Digital History>Topics>Private Life
Eighteenth Century Transformations in Motherhood and Fatherhood
History TOPIC ID 85
During the late eighteenth century, a series of forces--demographic, economic, and cultural--transformed the meaning and social experience of fatherhood and motherhood. Both the ideology and the reality of patriarchal authority visibly declined. Fathers found themselves less able to influence their sons' choice of an occupation, to determine when and whom their children would marry, or to control their offspring's sexual behavior. Sons moved further away from their parental home, fewer daughters married in birth order, and rates of illegitimacy and pregnancy prior to marriage rose markedly (Mintz & Kellogg, 1988).
One force for change was ideological. The mid- and late eighteenth century witnessed repeated attacks upon patriarchy by such popular writers as Samuel Richardson, Oliver Goldsmith, Henry Fielding and Laurence Sterne, who rejected the idea that a father should dictate a child's career or choice of a marriage partner. The American and French Revolutions also undercut the earlier emphasis on patriarchal authority. Instead of regarding the political order in the hierarchical terms of a king ruling over a series of patriarchal households, the polity was increasingly conceived in terms of citizens with equal rights (Fliegelman, 1982).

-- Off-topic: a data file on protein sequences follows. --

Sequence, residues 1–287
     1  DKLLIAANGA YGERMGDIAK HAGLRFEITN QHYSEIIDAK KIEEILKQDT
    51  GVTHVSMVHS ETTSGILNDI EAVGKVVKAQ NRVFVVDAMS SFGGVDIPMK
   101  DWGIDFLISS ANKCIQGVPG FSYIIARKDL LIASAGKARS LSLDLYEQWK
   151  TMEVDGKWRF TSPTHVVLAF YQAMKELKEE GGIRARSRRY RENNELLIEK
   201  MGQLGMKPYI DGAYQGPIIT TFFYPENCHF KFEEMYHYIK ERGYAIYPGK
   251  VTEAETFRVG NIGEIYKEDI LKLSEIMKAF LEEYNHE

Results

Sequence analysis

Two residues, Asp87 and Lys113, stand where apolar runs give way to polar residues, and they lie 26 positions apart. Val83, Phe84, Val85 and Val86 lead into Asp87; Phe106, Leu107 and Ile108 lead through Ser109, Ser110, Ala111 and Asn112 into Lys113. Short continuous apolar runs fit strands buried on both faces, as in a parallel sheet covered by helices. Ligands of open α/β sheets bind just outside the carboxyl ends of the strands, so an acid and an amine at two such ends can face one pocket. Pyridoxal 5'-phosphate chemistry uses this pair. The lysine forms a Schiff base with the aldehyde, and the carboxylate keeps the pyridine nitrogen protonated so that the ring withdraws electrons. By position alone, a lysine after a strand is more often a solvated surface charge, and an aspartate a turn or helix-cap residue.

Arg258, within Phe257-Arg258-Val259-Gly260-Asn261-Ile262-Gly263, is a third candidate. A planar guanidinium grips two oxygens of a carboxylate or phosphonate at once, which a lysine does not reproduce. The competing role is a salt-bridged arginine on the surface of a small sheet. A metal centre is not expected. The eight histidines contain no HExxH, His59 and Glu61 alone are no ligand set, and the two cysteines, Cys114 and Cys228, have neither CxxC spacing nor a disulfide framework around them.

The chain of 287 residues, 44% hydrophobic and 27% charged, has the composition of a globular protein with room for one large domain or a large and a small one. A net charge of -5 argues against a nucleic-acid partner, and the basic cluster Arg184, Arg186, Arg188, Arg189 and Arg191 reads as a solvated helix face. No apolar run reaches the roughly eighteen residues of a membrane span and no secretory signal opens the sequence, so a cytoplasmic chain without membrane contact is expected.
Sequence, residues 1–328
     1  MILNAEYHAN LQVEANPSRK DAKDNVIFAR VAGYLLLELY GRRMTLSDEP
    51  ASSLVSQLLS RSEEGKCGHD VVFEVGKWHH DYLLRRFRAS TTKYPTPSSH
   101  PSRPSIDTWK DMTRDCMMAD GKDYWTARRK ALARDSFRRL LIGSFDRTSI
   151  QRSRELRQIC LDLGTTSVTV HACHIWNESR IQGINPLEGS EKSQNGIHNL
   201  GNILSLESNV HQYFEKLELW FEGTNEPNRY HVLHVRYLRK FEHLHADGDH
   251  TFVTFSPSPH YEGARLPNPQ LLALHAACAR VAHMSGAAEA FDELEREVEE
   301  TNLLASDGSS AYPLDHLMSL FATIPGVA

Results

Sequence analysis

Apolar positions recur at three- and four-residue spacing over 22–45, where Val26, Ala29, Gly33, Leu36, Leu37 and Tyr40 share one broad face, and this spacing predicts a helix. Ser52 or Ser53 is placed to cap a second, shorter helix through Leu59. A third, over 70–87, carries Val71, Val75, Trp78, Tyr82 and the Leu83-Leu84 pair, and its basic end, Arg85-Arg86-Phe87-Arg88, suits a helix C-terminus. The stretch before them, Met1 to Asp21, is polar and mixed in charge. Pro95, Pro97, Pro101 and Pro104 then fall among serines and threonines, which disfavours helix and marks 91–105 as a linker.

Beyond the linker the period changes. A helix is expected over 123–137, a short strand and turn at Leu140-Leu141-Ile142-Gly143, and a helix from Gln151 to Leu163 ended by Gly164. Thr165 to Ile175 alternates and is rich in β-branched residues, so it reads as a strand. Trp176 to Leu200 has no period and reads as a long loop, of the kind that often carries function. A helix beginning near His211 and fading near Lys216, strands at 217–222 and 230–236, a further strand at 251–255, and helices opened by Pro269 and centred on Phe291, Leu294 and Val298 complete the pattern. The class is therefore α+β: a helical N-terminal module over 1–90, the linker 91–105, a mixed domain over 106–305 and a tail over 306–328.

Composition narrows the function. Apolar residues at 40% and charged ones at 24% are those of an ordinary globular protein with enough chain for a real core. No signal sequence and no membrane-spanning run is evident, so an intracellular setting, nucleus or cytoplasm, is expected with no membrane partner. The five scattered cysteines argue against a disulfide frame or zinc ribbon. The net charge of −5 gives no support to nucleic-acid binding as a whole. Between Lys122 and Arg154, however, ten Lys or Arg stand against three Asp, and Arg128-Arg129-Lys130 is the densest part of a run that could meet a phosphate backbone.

Economic shifts further contributed to a marked decline in paternal authority. By the mid-eighteenth century, a primary source of men's domestic authority--control over land--had eroded. Rapid population growth, which resulted in plots too small to be farmed viably, weakened paternal control over heirs. Land was increasingly replaced by more portable forms of capital as a source of wealth. New opportunities for non-agricultural work allowed many children to live further away from parents (Mintz & Kellogg, 1988; Ryan, 1981).
In Western Europe, England, and the United States there was a growing belief that the children's nurture and moral development should be entrusted to mothers. In the new United States, there was a deepening conviction that women, who were free from the corrupting influence of business and politics, had special ability to mold the character traits in children on which a free society depended. This idea, known as republican motherhood, led to expanded educational opportunities for women and an insistence that women's rights be recognized. By the mid-nineteenth century, the socialization of children became increasingly self-conscious, rational, and mother-dominated. Among the middle class, child nurture was increasing preoccupied with the inculcation of guilt (Degler, 1980; Kerber, 1980; Norton, 1980; Ryan, 1981).